Kofi Kingston was replaced in the WWE Championship match at Fastlane by CEO Vince McMahon on Tuesday's SmackDown, and needless to say, some members of the WWE Universe thought this was an unfair decision by WWE management.
However, anyone who has ever paid attention to storylines involving the McMahon family knows this is the start of a storyline that likely ends with Kingston winning the WWE title at WrestleMania 35.
We saw something similar with Daniel Bryan leading into WrestleMania 30, and with the kind of response Kingston has received from the WWE Universe, he appears to be experiencing the same kind of push.
Let's take a look at how Bryan and the Yes Movement helped pave the way for The New Day member to potentially win the WWE Championship.
A Groundswell of Support
When it comes to how WWE Superstars are pushed, it usually happens because McMahon or someone else in the right position sees something in a certain person.
When the company decides it wants someone to be a top star, it stops at nothing to get them over with the crowd. As far as Bryan and Kingston are concerned, they were never meant to reach the level they are at.
Granted, Bryan had already won the World Heavyweight Championship earlier in his career, but the WWE title was always looked at as more important when they existed simultaneously.
Both men are valuable to the company in different ways, but it took the WWE Universe's fervent support before they were given real opportunities to do so.
With Bryan, it all started when the Yes Movement began to catch on. He was already well-respected by fans, but he didn't start getting the biggest pops at every show until the "yes" chants began.
Becoming a Target for the McMahon Family
As we got closer to WM30, Bryan began feuding with the McMahon family. Stephanie McMahon called him a "B+ player," and Triple H gave him a nearly impossible task if he wanted to win the WWE Championship.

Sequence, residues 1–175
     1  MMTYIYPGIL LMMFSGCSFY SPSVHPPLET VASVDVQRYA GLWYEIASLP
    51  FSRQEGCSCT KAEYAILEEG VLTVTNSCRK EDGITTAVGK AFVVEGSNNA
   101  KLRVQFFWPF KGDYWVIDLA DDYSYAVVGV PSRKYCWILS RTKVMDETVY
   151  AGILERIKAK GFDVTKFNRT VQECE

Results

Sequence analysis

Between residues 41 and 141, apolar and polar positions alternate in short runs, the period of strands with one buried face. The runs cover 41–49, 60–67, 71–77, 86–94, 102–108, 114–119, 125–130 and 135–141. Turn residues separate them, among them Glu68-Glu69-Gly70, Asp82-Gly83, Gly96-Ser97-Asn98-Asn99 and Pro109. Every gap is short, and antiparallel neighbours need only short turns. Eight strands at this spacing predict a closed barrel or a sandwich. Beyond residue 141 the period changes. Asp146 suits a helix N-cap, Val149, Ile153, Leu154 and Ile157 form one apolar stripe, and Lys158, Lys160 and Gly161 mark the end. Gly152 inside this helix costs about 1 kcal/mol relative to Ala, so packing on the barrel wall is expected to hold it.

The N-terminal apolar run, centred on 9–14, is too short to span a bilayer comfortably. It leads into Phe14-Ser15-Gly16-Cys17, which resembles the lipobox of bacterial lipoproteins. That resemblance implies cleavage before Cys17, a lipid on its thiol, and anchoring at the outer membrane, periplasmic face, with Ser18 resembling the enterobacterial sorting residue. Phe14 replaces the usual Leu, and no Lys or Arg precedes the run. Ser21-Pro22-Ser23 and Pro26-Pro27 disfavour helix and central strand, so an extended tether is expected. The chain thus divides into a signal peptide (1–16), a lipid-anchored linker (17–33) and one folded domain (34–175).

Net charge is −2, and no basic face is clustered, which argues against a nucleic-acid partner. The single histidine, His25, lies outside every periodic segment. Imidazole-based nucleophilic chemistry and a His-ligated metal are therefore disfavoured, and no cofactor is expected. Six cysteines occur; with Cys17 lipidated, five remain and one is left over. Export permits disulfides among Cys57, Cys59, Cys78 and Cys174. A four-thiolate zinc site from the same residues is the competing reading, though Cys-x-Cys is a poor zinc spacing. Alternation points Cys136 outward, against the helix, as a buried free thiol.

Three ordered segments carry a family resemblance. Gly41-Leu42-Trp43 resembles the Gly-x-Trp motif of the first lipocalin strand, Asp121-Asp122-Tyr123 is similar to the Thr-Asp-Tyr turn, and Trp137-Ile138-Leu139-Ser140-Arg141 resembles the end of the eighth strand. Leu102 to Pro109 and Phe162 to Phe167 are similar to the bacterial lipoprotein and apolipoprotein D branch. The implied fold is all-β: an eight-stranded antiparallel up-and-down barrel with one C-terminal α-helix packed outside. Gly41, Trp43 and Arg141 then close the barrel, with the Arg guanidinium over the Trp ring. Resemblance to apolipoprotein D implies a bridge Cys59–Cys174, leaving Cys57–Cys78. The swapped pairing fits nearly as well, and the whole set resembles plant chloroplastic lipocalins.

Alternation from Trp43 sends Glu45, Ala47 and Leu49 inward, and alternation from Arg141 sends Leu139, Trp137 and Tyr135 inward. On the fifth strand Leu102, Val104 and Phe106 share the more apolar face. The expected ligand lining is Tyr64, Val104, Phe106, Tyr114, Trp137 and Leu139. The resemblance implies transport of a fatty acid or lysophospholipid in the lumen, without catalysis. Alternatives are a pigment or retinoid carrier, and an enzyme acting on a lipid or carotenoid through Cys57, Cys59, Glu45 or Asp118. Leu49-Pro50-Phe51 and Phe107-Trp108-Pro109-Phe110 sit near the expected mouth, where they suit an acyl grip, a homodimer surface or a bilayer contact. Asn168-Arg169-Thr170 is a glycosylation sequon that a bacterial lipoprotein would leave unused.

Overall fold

He had to beat The Game in a singles match before facing Randy Orton and Batista in a Triple Threat bout for the title. Needless to say, it was an uphill battle.
With Kingston, the fans got behind him more than ever began when he lasted over an hour in a Gauntlet match on SmackDown. He was a last-minute replacement for Mustafa Ali and ended up stealing the show.
He continued to gain momentum with another stellar performance at Elimination Chamber, when he lasted until the end of the match with Bryan.
After he secured another title shot at Fastlane, it was hard to tell whether WWE was giving him some spotlight to appease the fans or whether it would end with Big E and Xavier Woods carrying Kingston on their shoulders as the newly crowned WWE champion.
By choosing to replace Kingston with Kevin Owens, McMahon kicked off what could turn out to be the entire McMahon family feuding with The New Day.
If you are a target for the McMahons, it means you are worthy of being in one of the top storylines on Raw or SmackDown.
Defying the Odds
When Bryan finally won the WWE Championship at WrestleMania XXX, WWE created a moment fans will never forget. With Kingston, it could be even bigger.
Bryan spent more time in the business than Kingston before reaching the top of the mountain, but when it comes to time in WWE specifically, The New Day member has The Beard beat with an impressive 11-year run.
Some fans have been calling for Kingston to be taken seriously as a top competitor as far back as his feud with Randy Orton in 2009. He might not have been ready 10 years ago, but he has improved by leaps and bounds since then.
Now that the wheels have been set in motion, the McMahon family needs to keep stacking the deck against Kingston so he can keep building sympathy with the WWE Universe while continuing to jump over every hurdle Vince, Stephanie and Triple H put in front of him.
WWE already has the perfect roadmap for how to push Kingston because it did something similar with Bryan when he started gaining momentum with the fans.
Why This Matters
As fans, we like to think we have some influence when it comes to WWE programming, but the truth of the matter is that WWE has a poor track record of capitalizing when a Superstar organically builds a large following.
Just look at Zack Ryder. When his Z! True Long Island Story YouTube show was making him the most popular star on social media, WWE didn't jump on the opportunity to make him into a huge star on television.
Fans were chanting "We want Ryder" when he wasn't even booked to compete. That's how over he was with the crowd. WWE gave him a reign with the U.S. title and a few high-profile storylines, but he soon faded back into the lower-midcard scene despite his popularity.
A more recent example is Rusev. The Bulgarian was gaining more and more fans each week with his Rusev Day gimmick alongside Aiden English, but for some reason, WWE never pulled the trigger on a new push for the former United States champion until.
For every time WWE has changed its plans because of the way the WWE Universe is reacting to someone, it has failed to do the same with other people 10 times.
If Kingston ends up winning the WWE Championship at WrestleMania 35, it will give us hope that the McMahons are listening to fans and wasn't just blowing smoke when they said we would see changes to the product in 2019 and beyond.